Today I forwarded this back-jacket copy (below) to our book-designer. Wednesday we’re going to start the printing process.

Doing a book with a small SMALL press ( is pretty hands on for an author! (At least, for this author.)

Rebel Bookseller aims to spark a grassroots revival of community bookselling! The fruit of several decades’ hard lessons, this handbook for retail revolution includes:
* Behind-the-scenes history of the book industry
* Humorous anecdotes and sharp-tongued jibes
* Three Rough Rules of Rebel Bookselling.
Rebel Bookseller challenges aspiring entrepreneurs to improvise the wildly imaginative indie stores of tomorrow.

“Everything you always wanted to know about the book business but were afraid to ask. Even I, after 40 years writing, found this an eye-opener. Publishing, bookselling, ‘should I open my own bookstore’ it’s all in this entertaining, biting book.”
—Eric Carle, author, The Very Hungry Caterpillar

“A legendary…bookseller, pioneer of bookstore as community resource.”
—Inc. Magazine

Business & Economics/Current Events
Vox Pop

Andrew Laties co-founded The Children’s Bookstore, Children’s Bookfair Company, Children’s Museum Store,, and The Eric Carle Museum Bookshop. He shared the 1987 Lucile Micheels Pannell award for bringing children and books together. For ten years an American Booksellers Association teacher, Laties created the film Art of Selling Children’s Books. His innovations were adapted by Barnes & Noble, Zany Brainy and scores of independent stores.

Now — this is it: This is what the book will shout on its back jacket. Because this is what the book does, inside.

And — of course this whole project has had me worrying: WHO will shout WHAT back at me??

There’s certainly a reason that no-one has ever written a book like this before! It’s because people who were there, and who know the truth, are terrified of being sued for telling what has been happening behind the scenes in the book industry.

If I hadn’t essentially lost everything already, I’d be scared! But now, what kind of settlement could anyone get out of me??

Besides, if I get sued, it’ll help publicize the book.

So — this is the moment to write this book. At such a time, in anyone’s life, either the book gets written, or not. In my life, somehow, miraculously, I’ve managed to pull it off. I really can’t believe it. Three years of work.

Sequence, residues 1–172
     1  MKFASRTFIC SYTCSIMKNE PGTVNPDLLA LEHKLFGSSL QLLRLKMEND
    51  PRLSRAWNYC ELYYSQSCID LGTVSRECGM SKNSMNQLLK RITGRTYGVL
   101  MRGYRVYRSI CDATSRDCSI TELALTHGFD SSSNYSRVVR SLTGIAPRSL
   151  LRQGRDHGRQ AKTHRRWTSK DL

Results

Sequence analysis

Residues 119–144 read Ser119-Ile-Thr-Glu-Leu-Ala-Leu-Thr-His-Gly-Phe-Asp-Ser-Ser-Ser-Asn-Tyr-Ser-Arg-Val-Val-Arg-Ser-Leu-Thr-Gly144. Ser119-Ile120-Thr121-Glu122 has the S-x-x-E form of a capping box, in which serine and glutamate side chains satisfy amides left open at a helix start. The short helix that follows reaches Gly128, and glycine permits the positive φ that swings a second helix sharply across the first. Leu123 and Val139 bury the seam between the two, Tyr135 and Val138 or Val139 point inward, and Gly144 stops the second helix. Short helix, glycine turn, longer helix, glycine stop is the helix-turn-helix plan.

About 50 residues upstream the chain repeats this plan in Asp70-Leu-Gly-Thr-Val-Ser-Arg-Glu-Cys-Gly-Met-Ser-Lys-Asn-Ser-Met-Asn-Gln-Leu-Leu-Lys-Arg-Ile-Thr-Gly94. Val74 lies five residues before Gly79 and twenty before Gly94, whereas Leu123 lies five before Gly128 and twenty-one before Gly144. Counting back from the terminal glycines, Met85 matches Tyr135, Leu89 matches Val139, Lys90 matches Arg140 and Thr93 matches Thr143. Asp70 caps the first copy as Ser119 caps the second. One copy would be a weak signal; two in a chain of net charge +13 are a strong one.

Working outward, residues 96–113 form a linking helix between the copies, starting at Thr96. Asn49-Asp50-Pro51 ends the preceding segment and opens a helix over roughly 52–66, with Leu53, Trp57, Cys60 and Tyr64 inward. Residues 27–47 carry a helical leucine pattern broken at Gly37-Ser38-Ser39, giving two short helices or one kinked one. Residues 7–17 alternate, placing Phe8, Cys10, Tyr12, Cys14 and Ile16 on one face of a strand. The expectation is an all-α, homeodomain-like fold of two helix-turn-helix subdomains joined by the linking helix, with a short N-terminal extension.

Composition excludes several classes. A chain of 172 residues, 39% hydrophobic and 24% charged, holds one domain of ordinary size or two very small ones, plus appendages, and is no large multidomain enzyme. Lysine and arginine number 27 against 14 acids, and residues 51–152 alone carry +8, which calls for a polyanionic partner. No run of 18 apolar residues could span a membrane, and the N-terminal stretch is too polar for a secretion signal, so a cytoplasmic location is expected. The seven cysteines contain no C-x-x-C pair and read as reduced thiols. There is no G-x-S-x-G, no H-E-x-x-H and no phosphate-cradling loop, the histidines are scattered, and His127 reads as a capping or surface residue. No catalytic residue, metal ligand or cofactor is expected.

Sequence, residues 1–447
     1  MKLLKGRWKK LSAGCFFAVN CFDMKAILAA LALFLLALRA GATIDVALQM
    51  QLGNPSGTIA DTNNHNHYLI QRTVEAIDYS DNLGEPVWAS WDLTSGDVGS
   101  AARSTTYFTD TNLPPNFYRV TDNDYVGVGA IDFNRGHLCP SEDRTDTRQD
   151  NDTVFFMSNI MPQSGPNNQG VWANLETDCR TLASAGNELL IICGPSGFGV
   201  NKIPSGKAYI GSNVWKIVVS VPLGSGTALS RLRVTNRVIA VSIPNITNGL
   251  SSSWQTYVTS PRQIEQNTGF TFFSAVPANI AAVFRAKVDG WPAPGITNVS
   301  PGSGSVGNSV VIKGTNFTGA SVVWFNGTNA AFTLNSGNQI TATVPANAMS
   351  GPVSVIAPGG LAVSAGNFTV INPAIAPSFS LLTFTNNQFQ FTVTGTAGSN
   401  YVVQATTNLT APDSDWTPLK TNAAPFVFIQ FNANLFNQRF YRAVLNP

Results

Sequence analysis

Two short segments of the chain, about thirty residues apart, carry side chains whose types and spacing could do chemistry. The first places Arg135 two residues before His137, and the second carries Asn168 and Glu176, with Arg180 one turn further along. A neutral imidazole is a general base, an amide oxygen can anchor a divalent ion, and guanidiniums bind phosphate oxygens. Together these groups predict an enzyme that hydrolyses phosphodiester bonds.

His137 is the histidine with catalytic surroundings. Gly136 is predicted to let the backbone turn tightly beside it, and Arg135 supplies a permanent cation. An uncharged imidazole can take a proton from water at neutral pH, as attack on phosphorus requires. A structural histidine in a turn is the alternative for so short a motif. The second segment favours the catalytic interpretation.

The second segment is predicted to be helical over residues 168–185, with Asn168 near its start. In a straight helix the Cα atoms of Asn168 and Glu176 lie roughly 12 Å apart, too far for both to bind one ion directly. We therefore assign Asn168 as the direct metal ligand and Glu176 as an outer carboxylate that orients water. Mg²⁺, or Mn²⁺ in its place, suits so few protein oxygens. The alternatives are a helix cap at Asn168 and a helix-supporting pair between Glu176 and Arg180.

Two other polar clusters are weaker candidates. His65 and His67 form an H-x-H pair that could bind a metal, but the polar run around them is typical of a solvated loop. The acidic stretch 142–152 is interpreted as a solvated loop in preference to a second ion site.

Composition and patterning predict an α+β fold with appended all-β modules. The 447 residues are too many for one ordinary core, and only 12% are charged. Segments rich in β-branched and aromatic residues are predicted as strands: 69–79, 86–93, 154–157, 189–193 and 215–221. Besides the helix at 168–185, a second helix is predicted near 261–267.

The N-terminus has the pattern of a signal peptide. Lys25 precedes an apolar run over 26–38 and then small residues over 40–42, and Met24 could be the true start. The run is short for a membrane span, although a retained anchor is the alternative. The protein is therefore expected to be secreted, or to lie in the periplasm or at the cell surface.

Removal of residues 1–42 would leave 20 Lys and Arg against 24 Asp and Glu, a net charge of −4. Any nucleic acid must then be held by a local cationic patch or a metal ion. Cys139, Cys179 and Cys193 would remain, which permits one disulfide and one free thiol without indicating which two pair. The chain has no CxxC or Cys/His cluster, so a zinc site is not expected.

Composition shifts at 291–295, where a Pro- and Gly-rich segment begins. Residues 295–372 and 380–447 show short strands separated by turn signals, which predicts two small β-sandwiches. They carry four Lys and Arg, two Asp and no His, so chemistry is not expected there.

Will the book do what it says it will do? Draw many people into the field of indie bookselling?

I wrote it for myself, at age 20. I just tried to keep in mind, “what did I need to know, back when I had my first bookstore job”.

So — maybe — while people my own age and older (45+) will simply be amused or intrigued or irritated, people a generation younger really WILL learn that they have so so so much more power than they could ever guess.

It’s EASY to open an indie store. Books are not the same as any other product or commodity — small stores are a BETTER way to sell them and make a profit than large stores are. You simply have to wedge yourself deeply enough into the fabric of your community and you can make a great life out of the business. It’s true that no-one will tell you this. It’s true that there’s a blackout on career info on the subject of opening your own store. LEARN FROM THIS FACT. There’s a REASON no one teaches you how to open an indie bookstore. It’s because the people who now own bookstores don’t want you to compete with them!

But 20 years ago, the indie booksellers figured out that by aggressively working to attract new players to the table, they could collectively swamp the market and kill the chains — Dalton, Walden and Crown. Working together, sharing our knowledge, innovating, we DID WHAT WE SET OUT TO. We ruined the chains financially.

I tell the whole story, and its sordid aftermath, in my book.

Well — maybe I’ll get lucky, and someone WILL sue me, and I’ll get all the attendant publicity, and tons of people will hear about the book — and then — begin to think about opening their own indie stores — and…



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